How to Become a Bail Bondsman

If you enjoy watching bounty hunting shows on television and are interested in pursuing a similar career, you might want to look into how to become a bail bondsman. While bounty hunters and bail bondsmen can be different individuals, a licensed bail bondsman has the authority to act as bounty hunter in most states. The difference between the two is that a bounty hunter earns his or her money by apprehending bail fugitives and turning them over to the bail bondsman. On the other hand, the bail bondsman is the one who uses his or her own money or other assets to write the bond that releases the defendant from jail. This bond acts as a standing guarantee that the defendant will appear for the court date and is usually a specified percentage of the pledged bail money. In general, bail bondsmen charge their clients a non-refundable 10 to 15 percent fee based on the total bail amount that is determined by the judge.


In order to become a bail bondsman, you must be at least 18 years of age, have your fingerprints recorded, and meet any other necessary requirements. Check with your state's Department of Insurance to see what courses are required. Ask for a list of the schools in your part of the state that offer a bail bond class license, otherwise known as a Limited Surety Agent's License. Once you have started school, ask your instructor for more information about the procedures for applying for your license.

After you have completed all your course requirements, you should be eligible for licensing. You will need to submit your application for a license, sometimes called an Agency Producer Application. In most cases, you will have to send a copy of either your insurance qualification certificate or your bail license when you submit your application.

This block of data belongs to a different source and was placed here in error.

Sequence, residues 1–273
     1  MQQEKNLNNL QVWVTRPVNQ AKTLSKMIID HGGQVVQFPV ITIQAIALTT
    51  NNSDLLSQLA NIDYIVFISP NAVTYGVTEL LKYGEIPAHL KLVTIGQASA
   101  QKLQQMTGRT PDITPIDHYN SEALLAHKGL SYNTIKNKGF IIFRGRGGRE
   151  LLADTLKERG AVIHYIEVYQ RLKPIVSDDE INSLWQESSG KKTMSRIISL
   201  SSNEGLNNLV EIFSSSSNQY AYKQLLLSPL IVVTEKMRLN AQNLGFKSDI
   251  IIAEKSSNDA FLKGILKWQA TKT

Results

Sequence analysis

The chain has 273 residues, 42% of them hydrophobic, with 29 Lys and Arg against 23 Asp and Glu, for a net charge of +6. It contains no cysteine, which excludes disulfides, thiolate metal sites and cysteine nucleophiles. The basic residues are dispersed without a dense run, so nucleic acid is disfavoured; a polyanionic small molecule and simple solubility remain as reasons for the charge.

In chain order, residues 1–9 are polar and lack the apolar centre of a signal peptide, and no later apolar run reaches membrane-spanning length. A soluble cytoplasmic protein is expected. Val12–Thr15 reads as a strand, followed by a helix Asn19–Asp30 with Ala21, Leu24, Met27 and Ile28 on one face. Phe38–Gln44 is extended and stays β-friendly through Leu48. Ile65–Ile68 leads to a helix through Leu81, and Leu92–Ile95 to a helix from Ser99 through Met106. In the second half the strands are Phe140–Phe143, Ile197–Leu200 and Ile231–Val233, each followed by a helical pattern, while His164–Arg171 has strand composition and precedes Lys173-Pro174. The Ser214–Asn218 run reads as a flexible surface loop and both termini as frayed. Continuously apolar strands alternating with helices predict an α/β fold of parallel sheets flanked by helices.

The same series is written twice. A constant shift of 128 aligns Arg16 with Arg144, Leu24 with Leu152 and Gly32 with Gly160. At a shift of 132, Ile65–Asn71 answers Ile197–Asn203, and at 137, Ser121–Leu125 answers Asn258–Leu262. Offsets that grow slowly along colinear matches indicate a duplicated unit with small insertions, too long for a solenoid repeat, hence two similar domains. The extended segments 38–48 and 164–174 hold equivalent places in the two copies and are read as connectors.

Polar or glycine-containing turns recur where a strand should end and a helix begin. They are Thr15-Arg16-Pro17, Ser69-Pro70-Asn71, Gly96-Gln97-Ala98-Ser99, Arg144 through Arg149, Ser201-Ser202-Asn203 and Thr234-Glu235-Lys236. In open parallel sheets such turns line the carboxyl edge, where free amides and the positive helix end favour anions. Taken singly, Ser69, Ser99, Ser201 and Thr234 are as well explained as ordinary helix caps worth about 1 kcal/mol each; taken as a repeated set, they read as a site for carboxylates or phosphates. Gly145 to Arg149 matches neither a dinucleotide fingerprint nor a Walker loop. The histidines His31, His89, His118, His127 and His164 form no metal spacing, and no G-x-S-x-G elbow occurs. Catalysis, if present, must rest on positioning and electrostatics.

Usually a bail bondsman has to be appointed by the insurance department since large amounts of money and property are involved. The only exception is if you happen to be rich enough to be able to compensate for your own losses. Having the proper insurance will protect you and your family from unnecessary financial risks. Just make sure you have a reputable attorney go over your insurance policy with you so that you understand all the legal terms and regulations in the contract.

Some states accept only professional bail agents; and in certain states, including Georgia and Texas, there are different bail statutes from county to county. If you want to be a bail bondsman in a state like Georgia or Texas, you should contact your local county bail bond commission board.

Before you go through the process of becoming a bail bondsman, make sure your state allows suspects the bailing option. (Commercial bail bonds have been abolished in the states of Illinois, Kentucky, Oregon and Wisconsin.) You should also try to find out how many defendants opt for bail, the current number of bail bondsmen in your region and whether there will be a demand for your services. If you decide there is enough demand to proceed with becoming licensed, consider working for a reputable bail bonding agency to gain experience before starting your own business. A good place to look for such an agency is The Professional Bail Agents of the United States (PBUS).

Being a bail bondsman requires you to be aware of various technicalities and legal statutes, so you need to keep up with any changes in the way your state's court system handles the bail process. You also will need to be familiar with various types of crimes. As a bail bondman, you can expect to be on call all hours of the day and night seven days a week. In addition, the job is a demanding and sometimes dangerous one, especially since you will be in contact with criminals on a regular basis. Your income may also vary greatly depending on how much crime there is in the jurisdiction where you work.